A mum from Impington has backed this week’s launch of Longer, better lives: a manifesto for cancer research and care, sharing how she might not be here today without early detection and research.
Lucy Edie, 53, was diagnosed with triple-positive breast cancer in April 2019. She started working for Cancer Research UK in 1999 and believes she owes her life to drugs and programmes the charity helped to develop.
Lucy is backing Cancer Research UK’s ambitious cancer plan for how the next UK Government could help avoid around 1,800 cancer deaths a year in the East of England by 2040 – saving the lives of more people like her.
Ahead of the next general election, the charity has published a manifesto that outlines five key missions to speed up progress in preventing, diagnosing and treating cancer.
Thanks to research, cancer survival in the UK has doubled since the 1970s. But the charity warned that with NHS cancer services in crisis and with rising numbers of new cancer cases – an estimated nearly 49,000 a year projected in the East of England by 2040 – this hard-won progress is at risk of stalling.
The UK still lags behind comparable countries when it comes to cancer survival, it said, and called on all political parties to make cancer a top priority in their party manifestos.
Whoever assumes office after the general election must commit to developing a 10-year cancer plan. Urgent action is also required to address a more than £1 billion funding gap for research into cancer over the next decade that will put hard-won medical advances at risk.
Cancer Research UK also called for: the introduction of measures to end cancers caused by smoking; improved early detection of cancer through initiatives including a lung screening programme; action to ensure cancer wait time targets are met; plus the establishment of a National Cancer Council – accountable to the Prime Minister – to drive cross-government action on the disease.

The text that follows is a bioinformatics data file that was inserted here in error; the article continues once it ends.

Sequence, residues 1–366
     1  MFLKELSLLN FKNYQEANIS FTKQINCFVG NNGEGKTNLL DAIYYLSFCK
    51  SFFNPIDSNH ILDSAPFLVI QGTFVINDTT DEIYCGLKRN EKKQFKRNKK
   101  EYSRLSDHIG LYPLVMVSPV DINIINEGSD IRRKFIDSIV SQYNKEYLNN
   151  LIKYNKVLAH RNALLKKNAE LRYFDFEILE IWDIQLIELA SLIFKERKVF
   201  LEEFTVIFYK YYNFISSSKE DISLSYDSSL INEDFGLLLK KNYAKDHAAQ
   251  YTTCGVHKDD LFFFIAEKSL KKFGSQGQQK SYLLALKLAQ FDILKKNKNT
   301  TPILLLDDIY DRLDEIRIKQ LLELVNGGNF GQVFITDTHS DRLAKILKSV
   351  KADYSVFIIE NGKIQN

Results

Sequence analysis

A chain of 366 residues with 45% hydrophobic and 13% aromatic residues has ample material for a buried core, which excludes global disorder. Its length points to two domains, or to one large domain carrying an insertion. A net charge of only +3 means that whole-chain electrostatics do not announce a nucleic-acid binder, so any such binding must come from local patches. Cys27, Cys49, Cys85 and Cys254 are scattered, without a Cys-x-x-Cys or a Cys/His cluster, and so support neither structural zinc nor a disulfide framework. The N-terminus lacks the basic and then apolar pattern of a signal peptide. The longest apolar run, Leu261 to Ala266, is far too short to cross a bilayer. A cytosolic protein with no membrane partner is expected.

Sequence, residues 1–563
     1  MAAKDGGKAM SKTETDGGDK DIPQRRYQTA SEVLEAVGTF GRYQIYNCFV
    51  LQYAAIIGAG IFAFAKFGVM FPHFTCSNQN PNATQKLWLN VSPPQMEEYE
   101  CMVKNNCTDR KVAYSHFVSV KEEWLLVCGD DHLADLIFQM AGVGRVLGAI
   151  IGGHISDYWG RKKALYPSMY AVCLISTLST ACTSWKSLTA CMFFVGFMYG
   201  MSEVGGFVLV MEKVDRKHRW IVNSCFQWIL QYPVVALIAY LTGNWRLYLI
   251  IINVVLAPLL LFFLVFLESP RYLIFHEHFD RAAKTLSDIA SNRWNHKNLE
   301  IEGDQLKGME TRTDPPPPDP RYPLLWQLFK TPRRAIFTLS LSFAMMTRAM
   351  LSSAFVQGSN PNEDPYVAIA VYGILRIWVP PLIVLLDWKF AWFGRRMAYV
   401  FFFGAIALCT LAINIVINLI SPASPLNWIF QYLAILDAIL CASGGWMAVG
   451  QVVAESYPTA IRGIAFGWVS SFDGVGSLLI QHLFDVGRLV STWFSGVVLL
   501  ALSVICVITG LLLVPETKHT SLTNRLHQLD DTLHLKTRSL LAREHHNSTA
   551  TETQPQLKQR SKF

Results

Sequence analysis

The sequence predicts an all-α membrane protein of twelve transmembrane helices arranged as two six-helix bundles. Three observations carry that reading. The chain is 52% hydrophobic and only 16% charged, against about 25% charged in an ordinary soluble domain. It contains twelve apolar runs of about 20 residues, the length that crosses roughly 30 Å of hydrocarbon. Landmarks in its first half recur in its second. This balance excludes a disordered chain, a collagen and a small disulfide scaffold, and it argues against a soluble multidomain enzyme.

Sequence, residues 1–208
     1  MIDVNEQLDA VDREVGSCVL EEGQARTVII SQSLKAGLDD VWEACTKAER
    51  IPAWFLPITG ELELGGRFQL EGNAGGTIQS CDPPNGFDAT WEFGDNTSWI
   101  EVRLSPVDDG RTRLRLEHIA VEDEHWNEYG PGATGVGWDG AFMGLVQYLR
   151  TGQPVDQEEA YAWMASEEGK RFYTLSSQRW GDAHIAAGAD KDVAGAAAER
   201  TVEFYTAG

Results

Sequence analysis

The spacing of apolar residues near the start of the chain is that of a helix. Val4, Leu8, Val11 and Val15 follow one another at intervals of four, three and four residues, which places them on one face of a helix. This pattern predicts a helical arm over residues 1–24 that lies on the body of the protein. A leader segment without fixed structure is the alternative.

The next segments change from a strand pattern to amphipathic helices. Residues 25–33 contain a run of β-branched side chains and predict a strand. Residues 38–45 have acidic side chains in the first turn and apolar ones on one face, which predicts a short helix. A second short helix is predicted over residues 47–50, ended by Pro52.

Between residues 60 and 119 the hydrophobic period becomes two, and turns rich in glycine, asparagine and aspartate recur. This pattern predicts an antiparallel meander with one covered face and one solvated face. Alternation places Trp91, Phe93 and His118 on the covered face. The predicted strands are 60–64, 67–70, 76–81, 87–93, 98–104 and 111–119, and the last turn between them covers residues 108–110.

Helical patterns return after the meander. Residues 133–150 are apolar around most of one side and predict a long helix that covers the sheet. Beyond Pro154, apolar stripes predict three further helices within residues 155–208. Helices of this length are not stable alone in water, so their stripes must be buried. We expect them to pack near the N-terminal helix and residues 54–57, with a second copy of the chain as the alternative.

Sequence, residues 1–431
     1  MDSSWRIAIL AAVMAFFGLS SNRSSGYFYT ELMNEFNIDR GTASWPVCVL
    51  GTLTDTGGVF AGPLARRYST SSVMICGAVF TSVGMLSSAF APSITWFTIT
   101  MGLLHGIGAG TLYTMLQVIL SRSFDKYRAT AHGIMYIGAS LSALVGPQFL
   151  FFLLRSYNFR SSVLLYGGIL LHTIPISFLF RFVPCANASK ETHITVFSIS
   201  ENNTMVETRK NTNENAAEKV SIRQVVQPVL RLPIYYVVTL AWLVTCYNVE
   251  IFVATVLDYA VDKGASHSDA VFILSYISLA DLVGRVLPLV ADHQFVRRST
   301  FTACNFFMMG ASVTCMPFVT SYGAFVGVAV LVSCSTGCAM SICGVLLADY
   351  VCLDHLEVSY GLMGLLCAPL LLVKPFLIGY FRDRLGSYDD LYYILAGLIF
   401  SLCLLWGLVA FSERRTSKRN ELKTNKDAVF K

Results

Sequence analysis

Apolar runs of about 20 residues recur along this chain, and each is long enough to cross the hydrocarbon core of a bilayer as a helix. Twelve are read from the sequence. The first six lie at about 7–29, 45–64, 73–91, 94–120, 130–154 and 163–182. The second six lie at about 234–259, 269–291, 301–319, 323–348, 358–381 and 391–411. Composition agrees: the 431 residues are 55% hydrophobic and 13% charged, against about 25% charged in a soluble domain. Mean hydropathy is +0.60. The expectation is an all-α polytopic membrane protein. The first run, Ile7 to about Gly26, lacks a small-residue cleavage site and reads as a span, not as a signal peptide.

Lucy understands the vital importance of cancer investment more than most. That is why she is urging people across Cambridge to sign an open letter to party leaders at cruk.org/sign.
She is determined politicians get the message that beating cancer is vitally important to voters like her and says the next general election needs to be a turning point for people affected by the disease.
Lucy said: “Research into better treatments has given me the greatest gift – more time with my loved ones.
“That’s why I’m backing Cancer Research UK’s manifesto. I simply wouldn’t be here without the scientists who strive to find new ways to outsmart the disease and the incredible NHS staff who treated me.
“There are so many pressures at the moment, with funding and the state of cancer services across England, but the politicians must make sure people affected by cancer don’t pay the price for this now and in the future.”
It was whilst away for a work event Lucy first discovered a grape-sized lump on her left breast.
She said: “I went back to my hotel room, felt a shooting pain and as I felt for the source of the pain it was very clearly a hard lump.
“I’d previously found a lump on my lymph nodes, but it was so tiny I’d thought it was maybe some kind of immune response or a cyst.
“I think, if you work for a cancer organisation, you’re always hyper-aware and wondering if you’re worrying about nothing, but in this case I absolutely knew and called the doctors the very next morning.”
Lucy was not the first in her family to be diagnosed with cancer, having recently lost her mum to a brain tumour and previously a grandfather and an uncle to prostate cancer. Her dad is currently being treated for stomach cancer.
She said: “In between finding the lump and getting my diagnosis, all I did was fear the worst.
“As well as feeling scared about what lay ahead, I was concerned my dad had just gone through bereavement, whilst my son, Alexander, was still a child, only 11 at the time. He was really close to his grandmother and still dealing with that grief, trying to make sense of it, so I just felt anything happening to me would have been a massive blow. I thought ‘I can’t die’.”
Lucy’s cancer was found to produce large amounts of a protein called human epidermal growth factor receptor 2 (HER2) and this led to a morale-boosting conversation with her oncologist.
“He told me ‘You work for Cancer Research UK, so you’ll know that before Herceptin this would have been a really difficult conversation, but now this is very treatable’.”
Herceptin is a targeted cancer drug that was developed from research funded by Cancer Research UK. It works by attaching to HER2, stopping the cancer cells from growing and dividing.